I waddled to Millevini again the following evening with Candice, I was a little sad the food didn't seem to be quite as sharp as it was the night before, but Tatsu has been several times and reassured me the quality has been consistent for him, so that must have been an off night. Don't be deterred, this is the perfect place to come in a little group or a terrific twosome, it's loud but still romantic and a lot of fun. You know i'm no wino, so all I can really say is that the drops hail mainly from Italy, France and Australia and they all come available by the glass and the bottle. They use specifically shaped glasses for different types of wine, different reds come in different shaped goblets, which is a sign they seem to know what they're doing. Millevini can be a pricey place, some of the dishes are better value than others, but the quality of the ingredients is evident, you're paying for really quite wonderful cheeses, meats and vegetables. And the olive oil is down right drinkable, but then again, maybe you have to have Lebanese parents or be Rebecca Eggers before you'll concur with me on that one.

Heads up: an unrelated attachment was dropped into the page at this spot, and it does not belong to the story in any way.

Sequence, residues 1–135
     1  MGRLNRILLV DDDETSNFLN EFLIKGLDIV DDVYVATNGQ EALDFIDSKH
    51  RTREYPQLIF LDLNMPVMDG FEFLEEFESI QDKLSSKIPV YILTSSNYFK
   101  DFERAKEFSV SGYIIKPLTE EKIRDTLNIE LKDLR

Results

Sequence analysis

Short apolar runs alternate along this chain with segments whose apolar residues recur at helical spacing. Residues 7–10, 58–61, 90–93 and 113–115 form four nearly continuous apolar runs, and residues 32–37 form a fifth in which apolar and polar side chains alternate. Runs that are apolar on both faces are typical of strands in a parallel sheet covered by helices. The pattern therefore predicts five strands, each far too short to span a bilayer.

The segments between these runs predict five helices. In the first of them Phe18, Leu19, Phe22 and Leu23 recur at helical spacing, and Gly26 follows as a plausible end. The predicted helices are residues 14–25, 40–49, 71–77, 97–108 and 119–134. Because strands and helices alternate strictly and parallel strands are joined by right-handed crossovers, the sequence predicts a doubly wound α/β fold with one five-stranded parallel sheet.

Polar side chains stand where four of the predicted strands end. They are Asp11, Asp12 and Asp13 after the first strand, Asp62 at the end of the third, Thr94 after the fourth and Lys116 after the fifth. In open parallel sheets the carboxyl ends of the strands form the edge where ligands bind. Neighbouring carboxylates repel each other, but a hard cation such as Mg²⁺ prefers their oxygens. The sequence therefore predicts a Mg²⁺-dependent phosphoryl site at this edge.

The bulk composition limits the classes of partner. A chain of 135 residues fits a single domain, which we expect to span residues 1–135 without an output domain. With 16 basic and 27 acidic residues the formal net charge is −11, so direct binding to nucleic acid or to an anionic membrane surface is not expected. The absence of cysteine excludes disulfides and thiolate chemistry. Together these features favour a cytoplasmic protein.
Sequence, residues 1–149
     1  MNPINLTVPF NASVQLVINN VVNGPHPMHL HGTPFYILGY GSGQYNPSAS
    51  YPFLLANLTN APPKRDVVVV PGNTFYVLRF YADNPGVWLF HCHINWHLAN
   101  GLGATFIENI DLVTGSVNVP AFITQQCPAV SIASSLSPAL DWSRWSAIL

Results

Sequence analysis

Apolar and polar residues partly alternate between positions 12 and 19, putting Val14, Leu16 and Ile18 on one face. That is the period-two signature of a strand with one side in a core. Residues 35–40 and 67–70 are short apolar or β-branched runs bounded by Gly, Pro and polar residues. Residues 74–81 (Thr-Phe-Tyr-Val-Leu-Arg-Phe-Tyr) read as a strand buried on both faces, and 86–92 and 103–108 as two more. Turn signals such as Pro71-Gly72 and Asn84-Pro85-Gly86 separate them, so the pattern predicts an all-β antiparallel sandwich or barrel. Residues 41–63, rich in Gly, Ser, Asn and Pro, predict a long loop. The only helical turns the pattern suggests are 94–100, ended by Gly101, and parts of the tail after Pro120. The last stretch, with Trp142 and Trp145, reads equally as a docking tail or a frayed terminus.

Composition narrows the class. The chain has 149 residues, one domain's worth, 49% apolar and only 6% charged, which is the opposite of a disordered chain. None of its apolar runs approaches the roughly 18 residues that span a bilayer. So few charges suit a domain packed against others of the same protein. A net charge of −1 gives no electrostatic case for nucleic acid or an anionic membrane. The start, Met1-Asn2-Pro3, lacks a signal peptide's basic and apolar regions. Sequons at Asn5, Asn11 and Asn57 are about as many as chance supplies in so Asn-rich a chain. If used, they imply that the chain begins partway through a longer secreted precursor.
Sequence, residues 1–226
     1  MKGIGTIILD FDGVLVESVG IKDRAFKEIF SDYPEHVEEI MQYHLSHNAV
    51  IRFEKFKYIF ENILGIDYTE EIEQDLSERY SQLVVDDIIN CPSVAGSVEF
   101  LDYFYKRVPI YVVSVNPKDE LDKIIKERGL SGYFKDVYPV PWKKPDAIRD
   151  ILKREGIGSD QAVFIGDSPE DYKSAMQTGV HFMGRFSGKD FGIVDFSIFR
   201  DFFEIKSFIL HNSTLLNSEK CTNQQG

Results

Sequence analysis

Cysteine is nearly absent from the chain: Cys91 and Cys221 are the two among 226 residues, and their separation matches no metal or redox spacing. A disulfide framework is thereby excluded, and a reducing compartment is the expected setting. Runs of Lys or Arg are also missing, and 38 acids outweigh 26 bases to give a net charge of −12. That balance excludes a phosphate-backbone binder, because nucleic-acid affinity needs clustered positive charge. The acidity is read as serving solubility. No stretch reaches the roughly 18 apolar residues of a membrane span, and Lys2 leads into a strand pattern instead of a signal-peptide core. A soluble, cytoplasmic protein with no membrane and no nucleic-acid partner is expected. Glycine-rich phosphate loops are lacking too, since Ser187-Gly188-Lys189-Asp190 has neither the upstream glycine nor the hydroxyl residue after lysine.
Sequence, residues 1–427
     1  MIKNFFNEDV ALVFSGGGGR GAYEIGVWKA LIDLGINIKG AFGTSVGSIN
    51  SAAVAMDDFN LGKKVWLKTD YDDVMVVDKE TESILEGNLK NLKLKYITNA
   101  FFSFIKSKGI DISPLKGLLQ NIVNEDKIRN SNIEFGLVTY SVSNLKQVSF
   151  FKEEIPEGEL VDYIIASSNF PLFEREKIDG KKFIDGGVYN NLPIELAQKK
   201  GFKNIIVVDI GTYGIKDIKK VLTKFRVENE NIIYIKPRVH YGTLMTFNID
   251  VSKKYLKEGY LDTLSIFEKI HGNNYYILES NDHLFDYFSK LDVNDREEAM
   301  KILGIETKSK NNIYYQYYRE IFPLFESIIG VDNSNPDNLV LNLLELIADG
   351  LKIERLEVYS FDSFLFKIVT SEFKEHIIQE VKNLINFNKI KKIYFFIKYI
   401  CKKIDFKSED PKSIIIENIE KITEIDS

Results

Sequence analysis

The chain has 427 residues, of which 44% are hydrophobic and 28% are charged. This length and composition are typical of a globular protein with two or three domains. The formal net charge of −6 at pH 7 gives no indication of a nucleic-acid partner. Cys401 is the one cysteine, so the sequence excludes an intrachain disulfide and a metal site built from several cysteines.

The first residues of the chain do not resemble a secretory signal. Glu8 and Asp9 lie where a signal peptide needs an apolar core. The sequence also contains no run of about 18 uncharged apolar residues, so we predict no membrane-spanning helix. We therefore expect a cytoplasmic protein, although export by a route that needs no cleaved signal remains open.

Be sure to palm one of their business cards on the way out, they're a very cute keepsake, much more stylish than the rotund little belly you walk out with. So Full. If 2008 doesn't end soon, my stomach might actually grow spontaneous lacrimal glands and start bawling its eyes out.
At 397 Crown Street, Give them a bell on 9357 3366 for a delicious night of funky dining, unlike Milli Vanilli, this is the real deal.